U.S. Freestyle Championships: Squaw Valley USA to host event for first time since 1987
Its not every day Far West Freestyle athletes get a chance to charge down a moguls course alongside the top dogs on the U.S. Ski Team.Then again, its not every day the Sprint U.S. Freestyle Championships swing through their backyard.For the fist time since 1987, Squaw Valley USA will host the U.S. Freestyle Championships starting Thursday and ending Sunday, March 29.The home team, Squaw Valley Freestyle, will be well represented with 14 skiers ranging in age from 14 the youngest allowed to compete to 31.We qualified 14 kids, which were super stoked on, said Nat Schirman, director of the Squaw Valley Freestyle Team, adding that two other Squaw skiers qualified who were too young. Last year we took six kids, so were excited to have this big of a contingent at home.”The U.S. Freestyle Championships will include three events moguls, dual moguls and halfpipe and will feature the best U.S. Ski Team athletes in addition to the top-qualifying non-U.S. Ski Team members. Everybody is competing against everybody, Schirman said. Its the one comp of the year where our regional athletes are able to compete against the guys that are at the World Championships.A few of the big-name moguls skiers include Jeremy Bloom, Sho Kashima and David Babic on the mens side, and Hannah Kearney, Shelly Robertson and Tahoe Citys Shannon Bahrke in the womens field.Schirman said the top 37 non-U.S. Ski Team members in the country qualified to compete in moguls.The Squaw Valley Freestyle Team will be represented by the No. 1-qualifier in mens moguls, 19-tear-old Kyle Jordan, as well as the No. 3 qualifier, 16-year-old Nathan Park. Invitations were based on cumulative points totals from this past season, Schirman said.After a training day Thursday, competition kicks off Friday with moguls, followed by halfpipe Saturday and dual moguls Sunday. Moguls will be held on Red Dog.Its a perfect venue. Theres nothing else like it, Schirman said. We have the moguls course finish area about 100 feet in front of our locker room. Its right here at the base area coming right underneath Red Dog, so everybody will really be able to see it. I just love the fact that people can walk right from the parking lot 100 feet and youre at the bottom of the course. Its a special thing. And Far East Express, you cant touch it; its a two-minute chair.Thats part of the reason for me to bring this event here, is to show off our training facilities, and to show off Squaw Valley. Its been 22 years, so there are generations of freestylers that dont know about it out here, and it used to be the best team in the country. So were bringing that back.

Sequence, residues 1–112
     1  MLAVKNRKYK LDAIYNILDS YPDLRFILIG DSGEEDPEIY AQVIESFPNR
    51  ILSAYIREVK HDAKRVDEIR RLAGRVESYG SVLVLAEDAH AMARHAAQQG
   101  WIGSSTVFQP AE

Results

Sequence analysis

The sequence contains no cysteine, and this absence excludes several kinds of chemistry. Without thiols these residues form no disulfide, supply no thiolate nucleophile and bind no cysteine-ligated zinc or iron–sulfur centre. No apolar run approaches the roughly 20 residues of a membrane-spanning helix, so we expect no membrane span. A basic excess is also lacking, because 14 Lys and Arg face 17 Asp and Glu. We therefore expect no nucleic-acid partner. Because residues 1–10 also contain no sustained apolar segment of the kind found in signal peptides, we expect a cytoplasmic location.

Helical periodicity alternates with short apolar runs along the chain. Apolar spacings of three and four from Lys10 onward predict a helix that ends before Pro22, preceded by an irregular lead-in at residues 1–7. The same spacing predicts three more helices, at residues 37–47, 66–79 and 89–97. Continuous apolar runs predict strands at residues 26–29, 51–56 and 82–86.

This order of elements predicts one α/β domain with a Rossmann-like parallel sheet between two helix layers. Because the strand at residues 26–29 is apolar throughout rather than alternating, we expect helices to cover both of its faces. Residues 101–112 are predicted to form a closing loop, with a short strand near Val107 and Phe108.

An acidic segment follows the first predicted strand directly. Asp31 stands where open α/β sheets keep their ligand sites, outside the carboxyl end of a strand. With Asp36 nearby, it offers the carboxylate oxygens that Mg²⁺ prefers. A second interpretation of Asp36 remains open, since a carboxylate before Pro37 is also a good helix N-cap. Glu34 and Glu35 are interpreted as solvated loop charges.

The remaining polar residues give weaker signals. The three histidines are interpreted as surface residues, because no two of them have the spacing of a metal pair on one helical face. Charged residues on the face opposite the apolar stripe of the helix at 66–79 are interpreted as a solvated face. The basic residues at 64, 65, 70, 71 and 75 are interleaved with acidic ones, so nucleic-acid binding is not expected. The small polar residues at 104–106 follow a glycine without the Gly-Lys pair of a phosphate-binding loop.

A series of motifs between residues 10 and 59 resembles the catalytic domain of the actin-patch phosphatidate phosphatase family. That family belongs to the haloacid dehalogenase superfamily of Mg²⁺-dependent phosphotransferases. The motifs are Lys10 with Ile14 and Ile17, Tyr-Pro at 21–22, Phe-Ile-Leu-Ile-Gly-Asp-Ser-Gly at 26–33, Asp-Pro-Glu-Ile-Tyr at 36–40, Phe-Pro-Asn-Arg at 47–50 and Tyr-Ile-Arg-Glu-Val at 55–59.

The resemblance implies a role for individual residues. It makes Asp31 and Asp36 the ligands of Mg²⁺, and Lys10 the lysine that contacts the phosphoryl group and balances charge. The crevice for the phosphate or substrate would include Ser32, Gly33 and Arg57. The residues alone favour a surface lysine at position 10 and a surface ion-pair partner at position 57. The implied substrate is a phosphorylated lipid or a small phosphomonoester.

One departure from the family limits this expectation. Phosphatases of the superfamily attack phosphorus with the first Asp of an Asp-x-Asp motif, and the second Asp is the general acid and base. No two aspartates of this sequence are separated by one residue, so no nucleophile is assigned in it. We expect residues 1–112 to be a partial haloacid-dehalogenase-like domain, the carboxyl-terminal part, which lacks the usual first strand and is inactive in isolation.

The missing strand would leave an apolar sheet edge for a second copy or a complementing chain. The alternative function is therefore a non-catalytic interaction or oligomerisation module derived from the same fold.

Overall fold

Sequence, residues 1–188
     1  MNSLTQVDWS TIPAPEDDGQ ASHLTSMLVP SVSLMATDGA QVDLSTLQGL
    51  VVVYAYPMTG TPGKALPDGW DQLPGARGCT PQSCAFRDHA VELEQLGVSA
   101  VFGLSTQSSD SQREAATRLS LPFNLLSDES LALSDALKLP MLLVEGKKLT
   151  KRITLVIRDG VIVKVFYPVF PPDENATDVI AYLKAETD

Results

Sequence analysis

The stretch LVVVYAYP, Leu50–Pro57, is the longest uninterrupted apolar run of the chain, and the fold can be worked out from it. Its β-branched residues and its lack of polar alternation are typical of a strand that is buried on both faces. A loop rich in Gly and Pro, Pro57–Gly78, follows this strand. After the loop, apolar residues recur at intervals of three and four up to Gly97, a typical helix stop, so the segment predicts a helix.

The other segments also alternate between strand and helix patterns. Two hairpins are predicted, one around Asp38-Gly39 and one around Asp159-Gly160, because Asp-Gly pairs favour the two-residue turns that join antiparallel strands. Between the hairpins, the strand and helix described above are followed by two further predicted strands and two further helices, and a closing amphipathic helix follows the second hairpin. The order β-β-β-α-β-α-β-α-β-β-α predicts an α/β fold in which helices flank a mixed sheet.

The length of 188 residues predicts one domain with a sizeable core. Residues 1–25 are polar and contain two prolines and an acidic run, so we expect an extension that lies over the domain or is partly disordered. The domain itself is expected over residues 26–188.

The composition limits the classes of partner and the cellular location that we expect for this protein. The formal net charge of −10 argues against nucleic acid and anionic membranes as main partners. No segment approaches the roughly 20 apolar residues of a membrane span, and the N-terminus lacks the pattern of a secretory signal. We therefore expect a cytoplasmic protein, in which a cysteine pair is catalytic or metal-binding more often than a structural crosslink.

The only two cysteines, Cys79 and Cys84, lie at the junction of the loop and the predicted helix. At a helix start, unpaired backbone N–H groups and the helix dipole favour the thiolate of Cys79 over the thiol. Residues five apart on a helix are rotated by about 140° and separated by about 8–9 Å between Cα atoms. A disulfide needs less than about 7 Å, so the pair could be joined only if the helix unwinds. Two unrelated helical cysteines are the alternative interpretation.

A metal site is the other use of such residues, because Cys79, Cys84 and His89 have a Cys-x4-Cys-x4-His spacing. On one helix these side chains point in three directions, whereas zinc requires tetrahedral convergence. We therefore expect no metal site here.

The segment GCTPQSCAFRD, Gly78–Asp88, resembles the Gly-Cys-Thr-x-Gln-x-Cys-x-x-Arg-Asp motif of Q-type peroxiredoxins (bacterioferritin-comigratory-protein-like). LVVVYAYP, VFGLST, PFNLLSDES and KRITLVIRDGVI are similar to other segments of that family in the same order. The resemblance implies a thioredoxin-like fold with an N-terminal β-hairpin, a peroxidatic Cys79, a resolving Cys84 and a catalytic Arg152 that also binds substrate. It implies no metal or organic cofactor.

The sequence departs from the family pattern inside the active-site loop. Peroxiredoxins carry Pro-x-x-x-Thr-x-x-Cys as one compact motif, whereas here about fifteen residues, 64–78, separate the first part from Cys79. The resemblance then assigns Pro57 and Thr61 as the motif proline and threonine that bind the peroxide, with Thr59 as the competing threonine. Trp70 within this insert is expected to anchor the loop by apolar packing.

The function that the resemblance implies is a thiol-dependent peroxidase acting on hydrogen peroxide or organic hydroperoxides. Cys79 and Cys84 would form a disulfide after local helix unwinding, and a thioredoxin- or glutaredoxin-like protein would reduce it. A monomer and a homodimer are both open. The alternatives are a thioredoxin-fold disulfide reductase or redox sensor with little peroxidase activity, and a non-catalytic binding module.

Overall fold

1. Veronica PaulsenAge: 15Hometown: Tiburon, Calif.Team: Squaw Valley Freestyle TeamEvents: Moguls/Dual Moguls2. Jake HickmanAge:14Hometown: Tahoe VistaTeam: Squaw Valley Freestyle TeamEvents: Moguls/Dual Moguls3. K.C. OakleyAge: 20Hometown: Piedmont, Calif.Team: Squaw Valley Freestyle TeamEvents: Moguls/Dual Moguls4. Max SzekelyAge: 15Hometown: TruckeeTeam: Squaw Valley Freestyle TeamEvent: Halfpipe5. Miles Honens Age:15Hometown: Orinda, Calif.Team: Squaw Valley Freestyle TeamEvent: Halfpipe6. Ben WestmorelandAge: 17Hometown: TruckeeTeam: Squaw Valley Freestyle TeamEvent: Halfpipe7. Kyle Jordan Age: 19 (freshman at U.C. Davis)Hometown: San Rafael, Calif.Team: Squaw Valley FreestyleEvents: Moguls/Dual Moguls8. Kendall JordanAge: 17Hometown: San Rafael, Calif.Events: Moguls/Dual Moguls9. Name: Sam RudyAge: 17Hometown: Palo Alto, Calif.Team: Squaw Valley Freestyle TeamEvents: Dual Moguls10. Scott FitzmorrisAge: 31Hometown: Tahoe CityTeam: Squaw Valley Freestyle TeamEvent: Moguls11. Kevin GagneAge: 31Hometown: Truckee Team: Squaw Valley Freestyle TeamEvent: Moguls12. Nathan ParkAge:16Hometown: DavisTeam: Squaw Valley Freestyle TeamEvents: Moguls/Dual Moguls13. Jeff StanleyAge: 17Home: Granite Bay, Calif.Team: Squaw Valley Freestyle Freeride TeamEvents: Moguls/Dual Moguls14. Bobby WardAge: 16Hometown: Olympic ValleyTeam: Squaw Valley Freestyle TeamEvent: Moguls
Support Local Journalism
Support Local Journalism
Readers around Lake Tahoe, Truckee, and beyond make the Sierra Sun's work possible. Your financial contribution supports our efforts to deliver quality, locally relevant journalism.
Now more than ever, your support is critical to help us keep our community informed about the evolving coronavirus pandemic and the impact it is having locally. Every contribution, however large or small, will make a difference.
Your donation will help us continue to cover COVID-19 and our other vital local news.